Peaceful Pastures

October 19, 2010

Walking down the gravel road at Peaceful Pastures, I encountered some wandering chickens, a couple turkeys minding their own business, a large herd of cows staring at me while chewing intently, pigs lazily basking in the sun, a few cats hanging out with the sheep and two geese, named Fred and Ethel, walking together across an open field. Darrin and Jenny Drake, owners of Peaceful Pastures, call it Noah’s Ark, except minus a confined ark, replaced instead by hundreds of acres of farmland on which all the animals can freely roam. And when I say all, I mean all. Some of the chickens have been known to lay their eggs in trees.

But that’s how it rolls at Peaceful Pastures; the animals, farmers and land all work in harmony with one another and each seem happier as a result. There’s a cross between a goose and a duck that eats over 600 flies an hour, so they keep a few of them around for fly control; the cows have recently been taught to eat two species of invasive weeds which keeps the need to mow at a minimum, while supplying the cows with protein; the chickens enjoy insects and maggots; the geese have a thing for legumes such as clover which is found all over the fields; the sheep and goats like the brambles, bushes and weeds; and so it goes. It is a more holistic approach to farming and has allowed them to take full advantage of their land. “The different species will all work together if you let them,” Jenny tells me.

Jenny and Darrin have always been committed raising animals naturally and humanely, all while producing the very best meats possible. “Overall, our business/economic focus is not on maximum production but rather on minimum input, that’s minimum input for feed and labor.” Basically, by letting animals do what comes naturally to them, graze and forage for food, the farmers are able to focus on other things, not just feeding, and as a result, the animals are healthier, tastier and happier. For example, as Jenny explained to me, a commercial hog will finish (meaning, be ready to slaughter) in about 150 days, but their heritage breed of hogs finish in about 270 days. The difference in numbers may seem significant but, “our hogs get fed oats only twice a week and they’re loose the rest of the time. We don’t clean up after them, we don’t water them and they don’t get fed much, so while they may take longer to finish, we have less invested in them.”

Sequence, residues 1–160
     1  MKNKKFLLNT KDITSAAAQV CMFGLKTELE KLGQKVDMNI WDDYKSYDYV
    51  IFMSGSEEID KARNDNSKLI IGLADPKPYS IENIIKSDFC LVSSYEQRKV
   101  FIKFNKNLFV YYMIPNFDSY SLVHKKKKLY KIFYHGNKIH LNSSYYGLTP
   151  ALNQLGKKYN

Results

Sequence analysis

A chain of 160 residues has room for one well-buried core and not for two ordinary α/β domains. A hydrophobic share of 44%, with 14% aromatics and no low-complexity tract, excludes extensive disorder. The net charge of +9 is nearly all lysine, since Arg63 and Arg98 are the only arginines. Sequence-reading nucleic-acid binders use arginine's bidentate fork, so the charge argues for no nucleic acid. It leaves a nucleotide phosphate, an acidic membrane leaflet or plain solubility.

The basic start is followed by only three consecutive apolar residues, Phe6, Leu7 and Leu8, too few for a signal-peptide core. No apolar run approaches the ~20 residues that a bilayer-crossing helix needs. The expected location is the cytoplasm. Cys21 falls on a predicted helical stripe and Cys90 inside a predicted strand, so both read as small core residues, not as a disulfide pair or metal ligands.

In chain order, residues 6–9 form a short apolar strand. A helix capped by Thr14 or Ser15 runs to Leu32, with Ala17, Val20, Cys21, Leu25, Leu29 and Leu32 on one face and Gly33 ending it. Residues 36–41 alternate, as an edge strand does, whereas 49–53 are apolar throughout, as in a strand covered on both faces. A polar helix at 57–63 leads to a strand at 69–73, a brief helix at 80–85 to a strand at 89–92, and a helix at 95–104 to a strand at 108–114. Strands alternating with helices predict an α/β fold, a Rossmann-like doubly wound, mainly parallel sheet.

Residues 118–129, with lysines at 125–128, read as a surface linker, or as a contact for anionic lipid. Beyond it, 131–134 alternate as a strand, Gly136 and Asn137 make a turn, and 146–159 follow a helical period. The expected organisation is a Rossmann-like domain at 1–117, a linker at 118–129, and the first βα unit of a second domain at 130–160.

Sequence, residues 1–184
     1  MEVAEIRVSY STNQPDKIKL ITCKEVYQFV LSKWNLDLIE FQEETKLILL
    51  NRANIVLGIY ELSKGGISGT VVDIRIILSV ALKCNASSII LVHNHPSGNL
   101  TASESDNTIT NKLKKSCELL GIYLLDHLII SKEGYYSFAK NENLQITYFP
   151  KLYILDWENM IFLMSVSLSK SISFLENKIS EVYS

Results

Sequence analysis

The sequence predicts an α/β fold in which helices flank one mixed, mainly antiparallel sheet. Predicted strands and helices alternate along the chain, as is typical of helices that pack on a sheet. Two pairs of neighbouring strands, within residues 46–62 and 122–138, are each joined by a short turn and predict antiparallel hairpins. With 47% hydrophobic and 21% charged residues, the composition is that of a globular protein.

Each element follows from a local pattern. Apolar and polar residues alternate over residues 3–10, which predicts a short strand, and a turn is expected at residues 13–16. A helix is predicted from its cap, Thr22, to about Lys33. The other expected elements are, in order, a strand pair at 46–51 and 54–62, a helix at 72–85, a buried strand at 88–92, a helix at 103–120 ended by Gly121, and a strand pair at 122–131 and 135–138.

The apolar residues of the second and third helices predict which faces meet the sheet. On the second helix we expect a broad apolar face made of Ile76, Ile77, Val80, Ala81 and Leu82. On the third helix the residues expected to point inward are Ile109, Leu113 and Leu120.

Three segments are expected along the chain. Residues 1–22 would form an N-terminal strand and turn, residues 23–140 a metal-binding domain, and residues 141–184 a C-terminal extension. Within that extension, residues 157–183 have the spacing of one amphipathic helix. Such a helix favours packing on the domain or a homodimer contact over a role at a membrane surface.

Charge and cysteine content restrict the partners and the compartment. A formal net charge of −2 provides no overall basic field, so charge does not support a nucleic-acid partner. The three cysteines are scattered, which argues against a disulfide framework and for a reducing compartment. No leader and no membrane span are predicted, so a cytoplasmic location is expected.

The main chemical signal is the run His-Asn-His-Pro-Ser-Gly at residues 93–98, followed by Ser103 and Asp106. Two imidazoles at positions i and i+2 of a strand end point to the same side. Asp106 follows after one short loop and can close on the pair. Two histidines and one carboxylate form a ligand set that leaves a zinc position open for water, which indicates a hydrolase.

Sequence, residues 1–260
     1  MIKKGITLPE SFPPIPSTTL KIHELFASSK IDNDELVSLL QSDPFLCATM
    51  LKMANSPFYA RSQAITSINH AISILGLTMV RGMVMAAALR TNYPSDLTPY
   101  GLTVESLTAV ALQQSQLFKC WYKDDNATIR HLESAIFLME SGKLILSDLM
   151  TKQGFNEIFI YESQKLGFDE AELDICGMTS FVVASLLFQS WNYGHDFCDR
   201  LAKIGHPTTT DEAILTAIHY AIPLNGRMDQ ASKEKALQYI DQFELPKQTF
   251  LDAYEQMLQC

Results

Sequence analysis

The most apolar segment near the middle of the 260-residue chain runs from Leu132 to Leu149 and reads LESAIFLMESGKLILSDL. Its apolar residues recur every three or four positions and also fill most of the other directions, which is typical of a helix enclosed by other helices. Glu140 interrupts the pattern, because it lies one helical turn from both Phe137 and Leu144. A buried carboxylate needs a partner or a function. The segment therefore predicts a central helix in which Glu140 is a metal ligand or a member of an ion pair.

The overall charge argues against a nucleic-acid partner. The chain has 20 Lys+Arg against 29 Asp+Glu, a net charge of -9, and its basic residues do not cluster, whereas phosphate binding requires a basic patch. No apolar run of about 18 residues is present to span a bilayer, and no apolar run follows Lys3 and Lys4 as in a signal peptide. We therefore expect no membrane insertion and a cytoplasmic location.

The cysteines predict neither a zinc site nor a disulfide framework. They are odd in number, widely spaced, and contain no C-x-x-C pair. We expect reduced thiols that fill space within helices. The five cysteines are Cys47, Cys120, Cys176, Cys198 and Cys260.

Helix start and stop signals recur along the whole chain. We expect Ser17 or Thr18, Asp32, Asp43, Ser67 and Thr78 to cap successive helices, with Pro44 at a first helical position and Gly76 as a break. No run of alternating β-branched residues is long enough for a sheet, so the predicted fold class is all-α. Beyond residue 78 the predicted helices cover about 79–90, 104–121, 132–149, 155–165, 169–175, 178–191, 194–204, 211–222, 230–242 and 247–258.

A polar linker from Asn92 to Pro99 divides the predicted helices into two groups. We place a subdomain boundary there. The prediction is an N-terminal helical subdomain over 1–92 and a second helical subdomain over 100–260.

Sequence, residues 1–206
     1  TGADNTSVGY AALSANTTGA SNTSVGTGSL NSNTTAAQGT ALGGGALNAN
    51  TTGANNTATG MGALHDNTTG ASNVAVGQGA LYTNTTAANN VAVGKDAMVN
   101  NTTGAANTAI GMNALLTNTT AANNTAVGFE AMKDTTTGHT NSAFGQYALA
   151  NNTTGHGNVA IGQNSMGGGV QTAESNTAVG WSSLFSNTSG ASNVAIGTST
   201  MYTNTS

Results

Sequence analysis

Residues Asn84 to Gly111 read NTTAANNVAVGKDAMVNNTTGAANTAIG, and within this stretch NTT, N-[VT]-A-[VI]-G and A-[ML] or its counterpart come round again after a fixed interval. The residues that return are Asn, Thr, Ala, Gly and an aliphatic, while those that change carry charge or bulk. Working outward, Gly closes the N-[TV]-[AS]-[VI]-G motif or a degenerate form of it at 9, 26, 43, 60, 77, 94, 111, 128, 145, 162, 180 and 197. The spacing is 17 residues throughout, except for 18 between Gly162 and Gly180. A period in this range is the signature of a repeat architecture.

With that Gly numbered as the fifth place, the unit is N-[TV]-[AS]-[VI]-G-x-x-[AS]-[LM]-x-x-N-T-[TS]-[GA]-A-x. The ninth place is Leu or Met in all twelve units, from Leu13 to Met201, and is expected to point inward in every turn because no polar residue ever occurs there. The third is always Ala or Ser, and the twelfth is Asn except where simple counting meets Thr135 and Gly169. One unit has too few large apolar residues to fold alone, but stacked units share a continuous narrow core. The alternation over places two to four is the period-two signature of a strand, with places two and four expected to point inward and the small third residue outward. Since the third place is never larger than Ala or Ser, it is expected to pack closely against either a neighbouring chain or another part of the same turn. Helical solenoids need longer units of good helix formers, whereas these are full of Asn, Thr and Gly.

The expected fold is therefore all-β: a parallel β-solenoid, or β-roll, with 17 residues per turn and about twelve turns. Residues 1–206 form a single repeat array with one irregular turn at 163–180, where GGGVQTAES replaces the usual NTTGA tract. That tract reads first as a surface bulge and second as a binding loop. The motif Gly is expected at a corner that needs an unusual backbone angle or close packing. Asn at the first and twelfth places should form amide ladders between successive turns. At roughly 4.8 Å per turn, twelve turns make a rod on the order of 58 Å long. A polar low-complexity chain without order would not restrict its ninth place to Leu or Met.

Their Angus cattle is grass-fed and grass finished, as well as dry aged for more than a month to enhance its flavor and tenderness. Grass finished was a term new to me, as I had no idea that a farmer can fatten an animal up all they want in the last 30 – 90 days before processing and still call it grass-fed. “If you feed a cow grain, you’ll turn their system acidic (something that takes only 30 days to do) and that’s the environment that allows E. coli to grow and that’s also what literally changes the composition of their fats,” Jenny explains. “Grass fed animals that are only grass fed have the good omegas.”

With all the terms floating around out there; Organic, Free-Range, Grass-Fed, Grass Finished and Pastured, it can at times be overwhelming trying to keep up with who’s following what guidelines and what they all mean. But Jenny and Darrin keep it simple with their motto, “Know Your Farmer, Know Your Food.” Ask them anything and they will give you an honest answer that comes from truly loving what they do. “If I were a chicken this is how I’d want to live,” Jenny tells me. And you really do get that feeling when you’re out at their farm, that if you were to come back as a farm animal in another life, this is the place you’d hope to end up.

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